DC Ranch, for example, started with 8,281 total acres (3,351 ha). Of these, 2,600 acres (1,050 ha) were devoted to development, including a diverse mix of 2,700 houses, several golf courses, educational and civic facilities, and mixed-use and commercial development, plus a 140-acre (57-ha) linear park. The vast majority of the property, however—over 5,600 acres (2,260 ha)—was incorporated into the neighboring 16,000-acre (6,500-ha) McDowell Sonoran Preserve.
As early as 1956, the late Charles Fraser, founder of Sea Pines Plantation, South Carolina’s first masterplanned resort, identified nature as the top attraction at Hilton Head Island. The same dynamic holds true today. Far more consumers are drawn to green space than to greens; greenways and natural areas can have the same economic impact as fairways, at far less cost for construction and maintenance. And today there is the added dimension of locally grown food: orchards, vineyards, and organic gardens are attracting a new generation of ecology- and health-conscious consumer.
A number of studies have documented the value of conservation development in reducing stormwater runoff and infrastructure costs. Other research has focused on conservation development’s role in preserving biodiversity, protecting ecosystem services, and promoting other resource values on private lands, especially when traditional sources of conservation capital are lacking.
Now, thanks to new research by Jeffrey Milder of Cornell University and Brad Gentry of Yale University, the aggregate scale of conservation development is becoming better known. In their report Conservation Development in the United States: Practices, Trends, and Opportunities for Land Conservation and Smart Growth, Milder and Gentry estimate that there are thousands of conservation development projects in the United States. In fact, analyzing data from 681 projects encompassing almost 1.2 million acres (485,000 ha), they found that 21 percent of the surveyed projects protect rare or threatened biodiversity, 68 percent preserve natural habitats representative of the project area, and 30 percent provide buffers to other protected areas.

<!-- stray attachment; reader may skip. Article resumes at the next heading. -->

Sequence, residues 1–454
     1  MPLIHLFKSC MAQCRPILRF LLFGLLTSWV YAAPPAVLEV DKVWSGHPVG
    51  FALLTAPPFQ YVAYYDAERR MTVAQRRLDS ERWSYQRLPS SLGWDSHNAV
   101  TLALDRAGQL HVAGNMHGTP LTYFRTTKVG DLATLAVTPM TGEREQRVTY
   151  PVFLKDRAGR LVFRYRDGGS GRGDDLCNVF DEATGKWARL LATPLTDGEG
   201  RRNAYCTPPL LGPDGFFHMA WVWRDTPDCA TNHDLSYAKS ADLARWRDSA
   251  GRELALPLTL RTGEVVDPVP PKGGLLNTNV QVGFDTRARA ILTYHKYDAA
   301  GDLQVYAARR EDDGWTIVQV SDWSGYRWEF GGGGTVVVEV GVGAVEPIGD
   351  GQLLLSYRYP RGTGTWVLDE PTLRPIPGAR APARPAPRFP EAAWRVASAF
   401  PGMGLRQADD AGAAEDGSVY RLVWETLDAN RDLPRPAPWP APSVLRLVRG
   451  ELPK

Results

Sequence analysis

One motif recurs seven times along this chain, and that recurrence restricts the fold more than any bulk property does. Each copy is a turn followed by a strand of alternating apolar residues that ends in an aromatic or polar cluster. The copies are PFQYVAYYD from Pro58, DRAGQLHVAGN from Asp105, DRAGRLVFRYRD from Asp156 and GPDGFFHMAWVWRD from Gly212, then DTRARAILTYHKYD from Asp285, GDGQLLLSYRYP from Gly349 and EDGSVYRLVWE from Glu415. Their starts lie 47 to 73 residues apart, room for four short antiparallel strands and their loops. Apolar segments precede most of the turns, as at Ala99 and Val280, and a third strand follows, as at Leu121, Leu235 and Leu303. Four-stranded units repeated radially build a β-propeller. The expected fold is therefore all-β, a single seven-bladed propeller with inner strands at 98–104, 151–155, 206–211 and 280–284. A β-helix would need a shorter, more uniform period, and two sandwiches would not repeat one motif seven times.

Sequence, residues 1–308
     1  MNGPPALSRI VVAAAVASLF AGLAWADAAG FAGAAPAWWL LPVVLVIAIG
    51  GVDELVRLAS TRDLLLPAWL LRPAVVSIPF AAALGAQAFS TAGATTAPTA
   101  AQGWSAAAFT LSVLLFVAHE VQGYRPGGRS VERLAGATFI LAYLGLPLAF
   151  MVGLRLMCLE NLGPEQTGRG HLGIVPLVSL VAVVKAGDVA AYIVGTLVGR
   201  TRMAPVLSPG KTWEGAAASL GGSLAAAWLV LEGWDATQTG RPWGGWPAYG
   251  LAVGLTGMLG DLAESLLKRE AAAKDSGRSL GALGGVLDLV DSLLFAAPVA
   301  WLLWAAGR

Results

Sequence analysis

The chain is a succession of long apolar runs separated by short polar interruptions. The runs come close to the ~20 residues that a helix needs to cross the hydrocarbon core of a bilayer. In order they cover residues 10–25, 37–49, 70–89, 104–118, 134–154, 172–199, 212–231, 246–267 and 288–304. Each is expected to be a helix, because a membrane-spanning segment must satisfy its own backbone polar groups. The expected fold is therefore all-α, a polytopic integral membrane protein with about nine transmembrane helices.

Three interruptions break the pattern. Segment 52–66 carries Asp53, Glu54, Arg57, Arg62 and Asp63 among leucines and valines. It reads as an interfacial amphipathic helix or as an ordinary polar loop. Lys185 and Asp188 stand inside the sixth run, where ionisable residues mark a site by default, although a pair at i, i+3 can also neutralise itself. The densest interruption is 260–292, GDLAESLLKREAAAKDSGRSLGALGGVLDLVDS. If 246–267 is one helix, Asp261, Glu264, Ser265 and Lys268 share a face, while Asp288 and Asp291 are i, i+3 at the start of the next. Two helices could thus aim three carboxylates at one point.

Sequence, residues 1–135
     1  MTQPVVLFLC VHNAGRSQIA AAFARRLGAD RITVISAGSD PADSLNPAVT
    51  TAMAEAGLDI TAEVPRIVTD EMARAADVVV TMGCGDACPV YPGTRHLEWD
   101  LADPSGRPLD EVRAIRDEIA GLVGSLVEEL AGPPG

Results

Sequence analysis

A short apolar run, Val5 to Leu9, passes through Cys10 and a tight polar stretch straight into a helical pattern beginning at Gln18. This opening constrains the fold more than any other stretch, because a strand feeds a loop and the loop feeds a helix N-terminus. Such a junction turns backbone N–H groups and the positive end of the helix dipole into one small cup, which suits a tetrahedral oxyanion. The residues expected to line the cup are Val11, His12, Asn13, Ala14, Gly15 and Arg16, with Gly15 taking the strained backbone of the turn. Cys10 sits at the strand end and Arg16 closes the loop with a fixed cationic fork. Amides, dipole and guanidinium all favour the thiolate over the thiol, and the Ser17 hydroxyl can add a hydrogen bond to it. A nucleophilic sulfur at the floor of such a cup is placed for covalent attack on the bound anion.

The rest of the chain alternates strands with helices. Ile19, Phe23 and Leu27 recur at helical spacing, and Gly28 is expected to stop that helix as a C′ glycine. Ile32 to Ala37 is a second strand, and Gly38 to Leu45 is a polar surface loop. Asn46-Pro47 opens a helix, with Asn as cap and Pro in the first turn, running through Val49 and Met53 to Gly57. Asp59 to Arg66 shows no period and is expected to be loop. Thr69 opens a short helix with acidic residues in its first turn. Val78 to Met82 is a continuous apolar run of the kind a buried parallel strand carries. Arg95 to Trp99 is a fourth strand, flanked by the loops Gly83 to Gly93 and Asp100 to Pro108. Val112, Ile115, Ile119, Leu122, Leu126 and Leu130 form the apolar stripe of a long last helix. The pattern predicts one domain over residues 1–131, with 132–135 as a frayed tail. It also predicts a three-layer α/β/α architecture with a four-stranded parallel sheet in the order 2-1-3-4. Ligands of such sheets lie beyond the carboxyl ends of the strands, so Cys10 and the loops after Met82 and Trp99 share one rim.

Milder and Gentry’s research further reveals that while conservation outcomes varied considerably, the typical limited development project protects 80 to 95 percent of the project site, while for-profit conservation subdivisions and master-planned communities protect 40 to 70 percent of the site. They also found that “many projects advanced other community needs, such as affordable housing, outdoor recreation, local food production, and opportunities for environmental education.” Extrapolating from their project sample, Milder and Gentry estimate that conservation development has protected 8.5 million acres (3.4 million ha) of land in the United States.
But despite numerous conservation successes, there will never be enough money available to purchase all the natural areas and cultural sites that need to be protected. The land conservation community needs to make better use of the marketplace as a tool for conservation. Easements are one private sector tool, but conservation development is another.
Like any planning effort, conservation development is not a panacea. It requires tradeoffs and it is not appropriate in every setting or for every site. When the recession ends, greenfield development will resume—like it or not. Instead of allowing rural landscapes to be systematically carved up into a checkerboard of house lots and streets, local governments should embrace a concept that is fair to rural landowners, but that also has the demonstrated ability to conserve groundwater, rural character, natural lands, working family farms, wildlife, and home values.
For as long as people have lived in cities, many have dreamed of returning to the land. A conservation community is made up of individuals and families who love the land. This land can be forests, farms, ranchland, or any other type of land that needs protecting from high-impact development. Conservation communities prove that developers can focus on nature and still make a profit. UL